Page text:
In In re Telectronics Pacing Sys. Inc., 172 F.R.D. 271, 277 (S.D. Ohio 1997), for example, the court applied Amchem to require formation of three subclasses based on the different states' application of the product liability doctrine.

However, dividing classes into homogenous subclasses under Rule 23(c)(4)(B) is not an easy solution, at least from the perspective of the attorneys representing the class. The conflicting interests of subclasses cannot be adequately represented by the same attorney; each subclass needs separate counsel. Ortiz, 527 U.S. at 856. Not only does this complicate class counsel's job, but any attorney fees recovered will have to be shared by the different law firms representing the different subclasses.

In addition to the conflicts resulting from different claim values, conflicts can result from different motivations. When the representative plaintiffs have personal agendas or views driving their pursuit of the litigation that are contrary to the goals of some absent class members, a court will be disinclined to certify the putative class.

For example, in Kamean v. Local 363, 109 F.R.D. 391, 395 (S.D.N.Y. 1986), the representative plaintiffs were ex-union members suing the union, and had no interest in the union's continued vitality. That motivation obviously conflicted with the interests of current members of the union who had been included in the class.

Similarly, in Broussard v. Meineke Discount Muffler Shops Inc., 155 F.3d 331, 338-339 (4th Cir. 1998), the court rejected a proposed class composed of former and current franchisees of the defendant. Former franchisees benefited from maximizing the damages, whereas current franchisees had at least some interest in the defendant’s continued economic viability. The group of current franchisees was further conflicted among themselves because some had signed releases favoring the defendant and some had not.

These sorts of motivational conflicts are common in the context of collective bargaining. Often, a group of union members will file a class action against their union or an employer challenging an action that the majority of union members had previously approved. In such situations, the class representatives, who are often strong dissenters but in the losing minority, have interests antagonistic to the class, militating against class certification. See, e.g., East Texas Motor Freight System Inc. v. Rodriguez, 431 U.S. 395, 405 (1977).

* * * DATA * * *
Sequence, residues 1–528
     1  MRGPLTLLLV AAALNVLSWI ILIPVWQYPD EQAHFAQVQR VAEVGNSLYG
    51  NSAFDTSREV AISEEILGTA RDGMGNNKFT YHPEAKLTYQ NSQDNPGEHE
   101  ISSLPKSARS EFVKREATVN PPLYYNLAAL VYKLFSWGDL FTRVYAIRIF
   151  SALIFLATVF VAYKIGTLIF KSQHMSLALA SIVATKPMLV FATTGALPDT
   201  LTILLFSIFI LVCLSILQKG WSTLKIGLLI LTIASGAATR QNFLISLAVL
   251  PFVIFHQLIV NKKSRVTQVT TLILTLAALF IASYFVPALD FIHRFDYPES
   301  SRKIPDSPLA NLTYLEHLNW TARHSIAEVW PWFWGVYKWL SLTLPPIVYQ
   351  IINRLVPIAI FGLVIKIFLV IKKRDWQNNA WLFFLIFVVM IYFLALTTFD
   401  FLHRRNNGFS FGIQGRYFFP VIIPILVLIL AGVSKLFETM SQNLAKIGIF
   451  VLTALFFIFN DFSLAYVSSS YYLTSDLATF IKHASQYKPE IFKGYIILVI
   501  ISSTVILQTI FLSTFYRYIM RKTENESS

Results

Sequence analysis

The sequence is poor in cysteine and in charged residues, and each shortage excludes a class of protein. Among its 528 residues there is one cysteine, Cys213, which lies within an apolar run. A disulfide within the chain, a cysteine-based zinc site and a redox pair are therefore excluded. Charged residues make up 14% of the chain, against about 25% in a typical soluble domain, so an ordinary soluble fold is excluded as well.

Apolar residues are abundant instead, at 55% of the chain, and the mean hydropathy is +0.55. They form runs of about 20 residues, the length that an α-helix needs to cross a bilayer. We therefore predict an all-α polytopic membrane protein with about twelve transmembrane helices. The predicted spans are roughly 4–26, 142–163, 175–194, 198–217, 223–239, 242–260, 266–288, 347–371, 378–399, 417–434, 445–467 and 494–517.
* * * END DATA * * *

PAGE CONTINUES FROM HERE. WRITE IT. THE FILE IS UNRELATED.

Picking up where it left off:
An intra-class conflict poses an especially difficult problem in Rule 23(b)(2) "non-opt-out" classes, in which an absent class member does not receive even "minimal due process protection" ¾ "the opportunity to remove himself from the class." Philip Petroleum Co. v. Shutts, 472 U.S. 797, 811-12 (1985). Concerned about binding absent members without this minimal opt-out protection, most federal circuit courts have gone further than avoiding conflicts. These courts imply an affirmative "cohesion" element into the Rule 23(b)(2) class-certification analysis, requiring that common issues predominate even though the statute does not explicitly require it. See, e.g., Lemon v. International Union of Oper. Eng'rs, 216 F.3d 577, 580 (7th Cir. 2000).

Attorneys and judges alike should carefully examine the Supreme Court's decisions in Amchem and Ortiz and consider how to avoid these sorts of conflicts, and how to best protect absent class members' due process rights. See, e.g., In re Mego Financial Corp. Securities Litig., 213 F.3d 454, 462 (9th Cir. 2000) (disregarding a "potential" conflict resulting from different claim values, in order to achieve the efficiency of "dispos[ing] of all potential claims" at once). Class conflicts raise serious concerns about fundamental constitutional rights, and they should not be disregarded.

Barry N. Endick, Raymond J. Tittmann and Joshua Irwin practice in the San Francisco litigation group of Paul, Hastings, Janofsky & Walker. They specialize in class action law, frequently in matters involving the environment and ERISA.


2003 The Federalist Society